TRENTON -- The New Jersey Outdoor Alliance, The Sportsmen's Alliance, and Safari Club International have announced a joint effort to sue Gov. Phil Murphy over his executive order banning bear hunting on state lands.

"What we want is for New Jersey sportsmen to have access to the public lands that they pay for and support, to pursue their outdoor heritage," NJOA spokesman Cody McLaughlin said.

McLaughlin said bear hunters are paying for the upkeep of state lands through a federal law established in 1937 that taxes the sales of hunting and fishing equipment, and specifically grants the proceeds to each state's fish and wildlife department.

That means bear hunters are paying the same taxes to use the same lands, but they're now prohibited from hunting on them, he said.

McLaughlin said New Jersey's bear population is reaching carrying capacity and the "conservation hunt" is a legal and scientifically sound way to prevent interactions between bears and humans.

"The hunters that are going out there are harvesting bears for a specific biological outcome that's backed by some of the best ursine biologists in the country," he said.

Murphy had pledged to stop the bear hunt entirely as a candidate. But he said in August he'd instead block it in state lands, lacking the authority to eliminate it altogether. His order covers all state forests, parks, recreation areas, historic sites, wildlife management areas and natural areas.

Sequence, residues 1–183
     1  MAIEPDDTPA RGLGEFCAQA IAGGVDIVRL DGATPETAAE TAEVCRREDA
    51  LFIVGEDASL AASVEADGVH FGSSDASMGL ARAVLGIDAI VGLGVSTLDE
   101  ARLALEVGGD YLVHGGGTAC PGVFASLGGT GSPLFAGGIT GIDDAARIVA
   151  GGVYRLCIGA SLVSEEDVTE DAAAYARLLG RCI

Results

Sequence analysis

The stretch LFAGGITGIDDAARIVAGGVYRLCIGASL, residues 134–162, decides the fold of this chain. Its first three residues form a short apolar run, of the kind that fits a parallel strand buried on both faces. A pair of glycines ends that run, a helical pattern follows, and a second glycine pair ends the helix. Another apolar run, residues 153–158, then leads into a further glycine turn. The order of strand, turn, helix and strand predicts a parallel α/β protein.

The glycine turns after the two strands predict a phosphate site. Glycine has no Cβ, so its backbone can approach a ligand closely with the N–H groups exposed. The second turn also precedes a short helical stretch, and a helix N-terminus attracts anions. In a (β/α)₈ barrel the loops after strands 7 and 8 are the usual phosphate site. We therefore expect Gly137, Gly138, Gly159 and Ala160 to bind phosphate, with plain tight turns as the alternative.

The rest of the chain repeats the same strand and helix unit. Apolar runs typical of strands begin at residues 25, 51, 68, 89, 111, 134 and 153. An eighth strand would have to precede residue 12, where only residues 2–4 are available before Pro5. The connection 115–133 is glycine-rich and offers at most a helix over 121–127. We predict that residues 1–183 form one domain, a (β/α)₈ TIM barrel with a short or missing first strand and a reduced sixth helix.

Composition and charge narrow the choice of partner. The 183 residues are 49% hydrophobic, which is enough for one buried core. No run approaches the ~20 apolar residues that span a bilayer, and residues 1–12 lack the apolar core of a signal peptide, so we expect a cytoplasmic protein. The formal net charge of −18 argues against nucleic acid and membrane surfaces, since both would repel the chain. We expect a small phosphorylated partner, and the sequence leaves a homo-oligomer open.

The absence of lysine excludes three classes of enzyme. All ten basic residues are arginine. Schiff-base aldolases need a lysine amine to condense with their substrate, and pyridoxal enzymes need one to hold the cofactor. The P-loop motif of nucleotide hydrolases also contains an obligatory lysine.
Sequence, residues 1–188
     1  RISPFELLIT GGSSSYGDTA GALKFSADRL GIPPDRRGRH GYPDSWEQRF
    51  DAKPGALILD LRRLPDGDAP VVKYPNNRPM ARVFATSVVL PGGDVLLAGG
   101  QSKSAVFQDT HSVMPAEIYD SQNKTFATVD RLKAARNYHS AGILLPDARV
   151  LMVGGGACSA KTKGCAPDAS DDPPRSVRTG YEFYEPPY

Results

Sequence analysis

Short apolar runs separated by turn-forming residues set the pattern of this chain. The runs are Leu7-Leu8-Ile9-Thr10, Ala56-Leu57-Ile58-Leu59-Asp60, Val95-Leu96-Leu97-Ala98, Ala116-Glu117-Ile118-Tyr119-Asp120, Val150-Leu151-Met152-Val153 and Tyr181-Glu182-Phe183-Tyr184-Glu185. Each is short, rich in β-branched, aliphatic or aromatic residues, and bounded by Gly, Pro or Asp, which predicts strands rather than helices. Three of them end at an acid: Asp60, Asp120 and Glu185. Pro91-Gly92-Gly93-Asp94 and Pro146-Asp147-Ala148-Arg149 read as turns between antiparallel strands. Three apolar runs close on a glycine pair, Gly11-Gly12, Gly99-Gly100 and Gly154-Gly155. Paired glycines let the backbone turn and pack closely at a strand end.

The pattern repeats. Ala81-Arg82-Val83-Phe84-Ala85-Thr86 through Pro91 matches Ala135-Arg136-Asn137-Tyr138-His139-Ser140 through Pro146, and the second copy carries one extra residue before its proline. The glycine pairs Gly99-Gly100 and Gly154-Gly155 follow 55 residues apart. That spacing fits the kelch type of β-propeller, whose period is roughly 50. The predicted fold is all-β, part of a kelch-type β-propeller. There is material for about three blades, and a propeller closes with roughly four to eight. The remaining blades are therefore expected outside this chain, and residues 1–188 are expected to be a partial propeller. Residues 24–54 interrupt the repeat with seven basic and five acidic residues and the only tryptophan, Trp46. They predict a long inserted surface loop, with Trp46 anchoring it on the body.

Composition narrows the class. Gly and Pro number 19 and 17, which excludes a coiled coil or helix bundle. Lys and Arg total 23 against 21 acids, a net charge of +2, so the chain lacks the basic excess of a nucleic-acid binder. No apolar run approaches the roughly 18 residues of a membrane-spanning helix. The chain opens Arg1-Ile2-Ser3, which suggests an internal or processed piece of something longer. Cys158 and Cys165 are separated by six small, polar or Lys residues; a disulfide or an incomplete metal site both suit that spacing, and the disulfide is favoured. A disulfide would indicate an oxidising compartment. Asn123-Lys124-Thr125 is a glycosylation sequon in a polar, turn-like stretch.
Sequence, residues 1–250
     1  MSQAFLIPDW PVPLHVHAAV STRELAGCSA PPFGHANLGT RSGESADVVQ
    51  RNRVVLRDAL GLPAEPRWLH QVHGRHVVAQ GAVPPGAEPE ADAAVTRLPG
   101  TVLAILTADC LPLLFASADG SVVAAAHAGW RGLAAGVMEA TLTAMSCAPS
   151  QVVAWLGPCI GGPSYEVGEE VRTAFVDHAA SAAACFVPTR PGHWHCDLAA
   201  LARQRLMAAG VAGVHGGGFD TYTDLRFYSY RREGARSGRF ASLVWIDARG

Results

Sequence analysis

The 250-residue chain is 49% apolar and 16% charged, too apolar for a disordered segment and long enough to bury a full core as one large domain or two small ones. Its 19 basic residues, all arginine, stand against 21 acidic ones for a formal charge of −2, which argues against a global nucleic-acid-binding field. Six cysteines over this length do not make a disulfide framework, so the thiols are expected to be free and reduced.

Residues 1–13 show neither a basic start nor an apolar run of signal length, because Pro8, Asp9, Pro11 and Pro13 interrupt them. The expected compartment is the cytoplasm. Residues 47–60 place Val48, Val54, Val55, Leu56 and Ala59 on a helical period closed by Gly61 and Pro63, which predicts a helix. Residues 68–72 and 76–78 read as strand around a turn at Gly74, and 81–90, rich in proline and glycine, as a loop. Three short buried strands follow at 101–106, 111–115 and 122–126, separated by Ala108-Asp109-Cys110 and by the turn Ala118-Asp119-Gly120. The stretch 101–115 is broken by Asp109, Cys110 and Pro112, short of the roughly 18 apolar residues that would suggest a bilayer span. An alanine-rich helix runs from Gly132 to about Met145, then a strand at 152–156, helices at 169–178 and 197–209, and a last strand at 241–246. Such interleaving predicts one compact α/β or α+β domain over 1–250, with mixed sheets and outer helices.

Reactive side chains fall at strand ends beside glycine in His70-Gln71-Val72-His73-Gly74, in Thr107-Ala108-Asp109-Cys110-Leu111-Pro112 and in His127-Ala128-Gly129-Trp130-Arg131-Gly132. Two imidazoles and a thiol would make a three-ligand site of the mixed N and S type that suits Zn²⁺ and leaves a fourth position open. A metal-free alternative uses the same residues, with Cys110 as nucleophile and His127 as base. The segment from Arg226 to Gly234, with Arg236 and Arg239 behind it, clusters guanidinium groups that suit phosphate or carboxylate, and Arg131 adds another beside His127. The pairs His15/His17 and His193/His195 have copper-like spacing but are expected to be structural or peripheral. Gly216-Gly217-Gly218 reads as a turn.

Hunting is still permitted on certain private land, county parkland and farmland.

Black bears once lived in forests across New Jersey, but their numbers dwindled to less than 100 in northwest New Jersey by the mid-1900s as the state urbanized. The state put limits on bear hunting from 1953 to 1971, then ended it entirely.

The hunt returned in 2003, when 328 bears were killed, and 2005, when 298 were killed. The hunts were then stopped again during Gov. Jon Corzine’s term, but returned under Gov. Chris Christie.

In the last eight years, just over 3,400 bears were killed, an average of about 430 a year.

— With previous reporting by Michael Symons

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